Han Chinese Footbinding

Han Chinese women's foot binding is a traditional form of foot manipulation associated with China, and with the Han Chinese in particular. The aim of the footbinding was to create a very small foot by manipulating and if necessary breaking the bones in a young girl’s feet. A feature of foot binding was the wearing of very small shoes (the 'lotus shoes') that were often embroidered, in order to emphasise the smallness of the wearer’s feet.

There are various stories about the origins of foot binding in China. Few ancient lotus shoes have survived. It is said, for example, that the practice of foot binding originated among court dancers in the early Song Dynasty (960-1279), and in particular with one royal concubine called 'Precious Thing'. Another legend dates to the thirteenth century and tells of the fame of the dancing girls with tiny feet and beautiful bow (bound) shoes at the tenth century court of the Southern Tang kingdom (937-975) in South Central China.

One of the earliest factual written records relating to foot binding dates to the late eleventh century. It was incidentally written down by a scholar called Xu Zhi (1028-1103), while he was praising a widow who: “..... cannot spare a moment to bind her two feet,/ her only concern is putting the four limbs to good use.” Unfortunately, he gave no further details about the size of her feet or the appearance of her shoes. It would appear, therefore, that some form of foot binding was already current in the eleventh century and it is probably associated with South Central China. What is clear is that over the following centuries foot binding was practiced by elite families and by the eighteenth century it had become widespread among all social levels.

Many women with bound feet were able to walk unaided and work in the fields, albeit with greater limitation than women whose feet were not bound. It has been estimated that by the early nineteenth century up to 40%, and possibly more, of Han Chinese women had their feet bound. Among the women of elite Han families this would have been nearly 100%. Other ethnic groups, such as the Dungan and Hui peoples and some Cantonese, practiced this ‘art’ as well. Some families practiced variations of foot binding, such as loose binding, which did not break the bones of the arch and toes, but ‘simply’ narrowed the foot.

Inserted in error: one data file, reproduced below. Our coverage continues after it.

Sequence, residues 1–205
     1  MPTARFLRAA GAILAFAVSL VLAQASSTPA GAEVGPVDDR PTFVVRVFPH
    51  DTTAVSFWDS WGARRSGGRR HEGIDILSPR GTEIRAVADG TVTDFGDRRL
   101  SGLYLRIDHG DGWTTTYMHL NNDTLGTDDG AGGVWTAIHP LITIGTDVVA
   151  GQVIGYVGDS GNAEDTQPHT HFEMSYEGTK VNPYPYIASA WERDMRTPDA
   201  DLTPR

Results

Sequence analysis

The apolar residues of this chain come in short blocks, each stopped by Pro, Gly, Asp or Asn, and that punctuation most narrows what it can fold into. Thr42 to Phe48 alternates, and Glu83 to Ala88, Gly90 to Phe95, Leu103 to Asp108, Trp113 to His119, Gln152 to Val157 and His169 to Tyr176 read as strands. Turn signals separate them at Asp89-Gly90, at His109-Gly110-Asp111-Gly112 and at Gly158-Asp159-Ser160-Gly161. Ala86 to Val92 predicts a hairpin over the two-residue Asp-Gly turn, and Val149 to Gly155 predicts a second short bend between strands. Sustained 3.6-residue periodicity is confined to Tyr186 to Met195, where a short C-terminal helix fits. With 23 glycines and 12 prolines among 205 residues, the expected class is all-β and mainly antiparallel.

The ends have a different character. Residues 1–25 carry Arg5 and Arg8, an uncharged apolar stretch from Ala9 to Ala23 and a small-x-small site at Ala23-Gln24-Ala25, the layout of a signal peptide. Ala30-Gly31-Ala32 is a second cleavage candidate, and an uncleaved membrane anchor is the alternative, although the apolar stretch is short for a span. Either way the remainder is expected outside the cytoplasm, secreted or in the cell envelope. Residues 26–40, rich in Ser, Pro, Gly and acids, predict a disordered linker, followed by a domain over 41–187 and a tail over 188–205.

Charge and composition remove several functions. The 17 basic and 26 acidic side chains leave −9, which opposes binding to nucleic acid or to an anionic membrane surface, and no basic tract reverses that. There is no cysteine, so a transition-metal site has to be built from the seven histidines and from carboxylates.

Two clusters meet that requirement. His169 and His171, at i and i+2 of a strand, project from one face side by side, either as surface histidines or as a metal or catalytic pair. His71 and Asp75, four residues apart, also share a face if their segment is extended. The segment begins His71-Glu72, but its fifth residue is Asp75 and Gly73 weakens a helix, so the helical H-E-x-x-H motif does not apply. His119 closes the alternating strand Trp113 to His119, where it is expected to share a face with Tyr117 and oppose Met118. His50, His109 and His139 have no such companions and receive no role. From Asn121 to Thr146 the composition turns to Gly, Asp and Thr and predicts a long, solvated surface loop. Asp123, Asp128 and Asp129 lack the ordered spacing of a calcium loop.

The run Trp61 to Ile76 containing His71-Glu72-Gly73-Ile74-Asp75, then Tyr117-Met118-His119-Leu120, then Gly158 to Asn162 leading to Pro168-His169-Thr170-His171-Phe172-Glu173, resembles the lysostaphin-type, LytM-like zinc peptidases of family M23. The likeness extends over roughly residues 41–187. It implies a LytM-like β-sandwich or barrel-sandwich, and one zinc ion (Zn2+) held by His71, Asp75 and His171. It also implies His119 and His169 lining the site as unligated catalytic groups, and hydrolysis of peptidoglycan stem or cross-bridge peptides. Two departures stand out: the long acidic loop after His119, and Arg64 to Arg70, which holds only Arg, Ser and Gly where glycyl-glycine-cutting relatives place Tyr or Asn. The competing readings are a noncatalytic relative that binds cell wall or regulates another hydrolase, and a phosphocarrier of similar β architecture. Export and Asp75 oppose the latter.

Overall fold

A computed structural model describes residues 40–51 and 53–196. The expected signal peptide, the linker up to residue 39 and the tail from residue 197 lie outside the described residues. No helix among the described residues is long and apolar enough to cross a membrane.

In 1644 the Qing Dynasty came to power in China. The new Qing rulers belonged to an ethnic group known as Manchu. Manchu women, contrary to the Han, were officially forbidden to bind their feet. Instead they invented their own form of shoe with either a platform or a central pedestal, which meant that they walked in a swaying manner similar to the ‘lotus gait’ of Han Chinese women with bound feet. These shoes were called 'flower bowls'. Again these shoes were often embroidered in some manner.

The diaspora of the Chinese, especially in the nineteenth century, also meant that Han women with bound feet could be found throughout the world, in Europe, Indonesia, Malaysia, Singapore, as well as America and Hawaii.

See also: lotus shoes sole embroidery; main types of Chinese lotus shoes 


  • CHANG, Pang-Mei Natasha (1997). Bound Feet and Western Dress, New York: Anchor Books.
  • ACKSON, Beverley (1997). Splendid Slippers: A Thousand Years of an Erotic Tradition, Berkeley, California: Ten Speed Press.
  • KO, Dorothy (2005). Cinderella’s Sisters: A Revisionist History of Foot binding, Berkeley and Los Angeles: University of California Press.
  • ROBERTS, Glenn and Valerie STEELE (1977). The three-inch golden lotus: A collection of Chinese bound foot shoes', Arts of Asia, 27, no. 2, pp. 69-85.
  • WANG Ping (2002). Aching for Beauty: Foot binding in China, New York: Anchor Books.



Last modified on Tuesday, 22 November 2022 12:07